BEST PERFORMANCE BY AN ACTOR IN A TELEVISION SERIES, COMEDY OR MUSICAL

  • Alec Baldwin, 30 Rock
  • Steve Carell, The Office
  • David Duchovny, Californication
  • Thomas Jane, Hung
  • Matthew Morrison, Glee

BEST PERFORMANCE BY AN ACTRESS IN A SUPPORTING ROLE IN A SERIES, MINISERIES OR MOTION PICTURE MADE FOR TELEVISION

  • Chloë Sevigny, Big Love
  • Jane Adams, Hung
  • Rose Byrne, Damages
  • Jane Lynch, Glee
  • Janet McTeer, Into the Storm

BEST PERFORMANCE BY AN ACTOR IN A SUPPORTING ROLE IN A MOTION PICTURE

  • Christoph Waltz, Inglourious Basterds
  • Matt Damon, Invictus
  • Woody Harrelson, The Messenger
  • Christopher Plummer, The Last Station
  • Stanley Tucci, The Lovely Bones

If Waltz hadn’t won, the entire rest of this year’s awards winners would have been put into serious question.

Cecil B Demille Award: Martin Scorsese

The Scorsese montage was actually pretty amazing. Too bad it had to turn into a mini advertisement for Shutter Island. As expected, Scorsese’s speech was even more amazing. For those who missed it, we’ll post video later, when available.

BEST DIRECTOR

  • James Cameron, Avatar
  • Kathryn Bigelow, The Hurt Locker
  • Clint Eastwood, Invictus
  • Jason Reitman, Up in the Air
  • Quentin Tarantino, Inglourious Basterds

Cameron said in his award speech that his ex-wife Kathryn Bigelow deserved the win, and he isn’t well prepared because he thought she had the award in the bag. I think the movie critics around the US would agree. I think I would have rather seen Quentin Tarantino or Jason Reitman take the award… but there is always best picture, right? The foreign critics seem to be more taken with Cameron and Avatar than the American critics. Cameron thanked everyone using the native Na’vi language, translated to: “I see you, my brother and sisters”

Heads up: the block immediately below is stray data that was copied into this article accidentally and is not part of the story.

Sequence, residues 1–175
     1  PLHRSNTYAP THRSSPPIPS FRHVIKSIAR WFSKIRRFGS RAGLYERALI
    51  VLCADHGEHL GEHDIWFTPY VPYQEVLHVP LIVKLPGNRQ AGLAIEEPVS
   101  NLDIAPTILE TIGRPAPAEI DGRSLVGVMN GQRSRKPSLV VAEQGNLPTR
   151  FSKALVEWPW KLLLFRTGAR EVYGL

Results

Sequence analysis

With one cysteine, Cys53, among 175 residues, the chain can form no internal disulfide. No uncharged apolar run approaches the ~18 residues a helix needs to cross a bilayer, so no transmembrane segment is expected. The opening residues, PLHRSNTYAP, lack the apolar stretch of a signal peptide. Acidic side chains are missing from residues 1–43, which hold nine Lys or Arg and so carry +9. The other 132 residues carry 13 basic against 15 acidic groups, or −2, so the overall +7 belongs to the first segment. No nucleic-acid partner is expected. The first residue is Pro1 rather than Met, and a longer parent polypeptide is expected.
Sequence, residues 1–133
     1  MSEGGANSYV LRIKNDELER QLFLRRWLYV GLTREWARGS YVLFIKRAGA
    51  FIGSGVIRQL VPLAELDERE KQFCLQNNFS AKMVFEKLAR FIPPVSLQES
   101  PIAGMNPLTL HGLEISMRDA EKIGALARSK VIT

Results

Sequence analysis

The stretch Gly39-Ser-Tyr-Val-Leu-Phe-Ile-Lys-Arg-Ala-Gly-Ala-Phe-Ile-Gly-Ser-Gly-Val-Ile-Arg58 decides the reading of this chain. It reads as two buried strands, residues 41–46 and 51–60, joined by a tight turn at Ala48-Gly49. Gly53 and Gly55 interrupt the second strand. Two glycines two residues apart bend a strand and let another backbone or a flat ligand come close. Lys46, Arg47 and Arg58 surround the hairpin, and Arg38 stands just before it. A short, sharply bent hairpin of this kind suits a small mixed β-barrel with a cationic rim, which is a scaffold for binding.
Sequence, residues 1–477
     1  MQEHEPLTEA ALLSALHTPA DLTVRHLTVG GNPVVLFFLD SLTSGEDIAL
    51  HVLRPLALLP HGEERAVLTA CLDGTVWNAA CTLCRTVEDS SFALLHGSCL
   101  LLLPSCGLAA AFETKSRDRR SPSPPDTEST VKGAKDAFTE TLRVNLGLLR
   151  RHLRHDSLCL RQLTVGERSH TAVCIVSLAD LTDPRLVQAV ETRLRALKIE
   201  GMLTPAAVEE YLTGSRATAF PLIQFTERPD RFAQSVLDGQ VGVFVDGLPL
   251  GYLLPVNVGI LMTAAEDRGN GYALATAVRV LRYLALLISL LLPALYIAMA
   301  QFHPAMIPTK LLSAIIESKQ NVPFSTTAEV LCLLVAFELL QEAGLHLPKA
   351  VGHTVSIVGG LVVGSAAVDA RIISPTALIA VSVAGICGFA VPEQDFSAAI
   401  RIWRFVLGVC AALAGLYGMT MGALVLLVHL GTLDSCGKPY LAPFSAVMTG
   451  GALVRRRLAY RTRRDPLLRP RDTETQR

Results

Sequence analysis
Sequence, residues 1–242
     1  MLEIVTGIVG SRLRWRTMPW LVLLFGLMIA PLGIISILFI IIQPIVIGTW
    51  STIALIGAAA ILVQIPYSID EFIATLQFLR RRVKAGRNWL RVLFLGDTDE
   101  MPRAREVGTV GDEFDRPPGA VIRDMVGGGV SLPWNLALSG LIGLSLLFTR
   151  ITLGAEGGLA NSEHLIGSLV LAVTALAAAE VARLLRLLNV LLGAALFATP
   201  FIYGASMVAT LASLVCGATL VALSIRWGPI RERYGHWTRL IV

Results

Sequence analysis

BEST TELEVISION SERIES, COMEDY OR MUSICAL

  • Glee
  • 30 Rock
  • Entourage
  • Modern Family
  • The Office

Congratulations to /Film podcaster and Glee co-star Stephen Tobolowsky.

BEST MOTION PICTURE, COMEDY OR MUSICAL

  • The Hangover
  • (500) Days of Summer
  • It’s Complicated
  • Julie & Julia
  • Nine

Did The Hangover just win an award over (500) Days of Summer? Really?

Comment on Arnold Schwarzenegger’s introduction of the Avatar video package from a /Film reader: “What’s Avada?” Funny…

BEST PERFORMANCE BY AN ACTRESS IN A MOTION PICTURE, DRAMA

  • Sandra Bullock, The Blind Side
  • Emily Blunt, The Young Victoria
  • Helen Mirren, The Last Station
  • Carey Mulligan, An Education
  • Gabourey Sidibe, Precious

I haven’t yet seen The Blind Side, but I can’t imagine that Bullock’s performance trumps that of Carey Mulligan in An Education… I could be wrong.

BEST PERFORMANCE BY AN ACTOR IN A MOTION PICTURE, COMEDY OR MUSICAL

  • Robert Downey Jr., Sherlock Holmes
  • Matt Damon, The Informant!
  • Daniel Day-Lewis, Nine
  • Joseph Gordon-Levitt, (500) Days of Summer
  • Michael Stuhlbarg, A Serious Man

Downey Jr. is a favorite of the foreign press, and I can’t say I don’t agree. His acceptance speech was masterful. Hopefully, we’ll have it online later. Downey decided, in jest, to thank no one but himself for winning the award. Also, this is the second loss for (500) Days of Summer, which means they are walking away from the Globes completely empty handed.

BEST PERFORMANCE BY AN ACTOR IN A MOTION PICTURE, DRAMA

  • Jeff Bridges, Crazy Heart
  • George Clooney, Up in the Air
  • Colin Firth, A Single Man
  • Morgan Freeman, Invictus
  • Tobey Maguire, Brothers

Standing ovation for Bridges. The dude abides.

BEST MOTION PICTURE, DRAMA

  • Avatar
  • The Hurt Locker
  • Inglourious Basterds
  • Precious
  • Up in the Air

James Cameron wins again, with Avatar. Bigelow, Reitman and Tarantino all equally deserved the win. I love that Cameron commented that “They’re telling me to wrap it up, but they’re afraid to start the music.”

Discuss: Leave Your Thoughts in the Comments Below!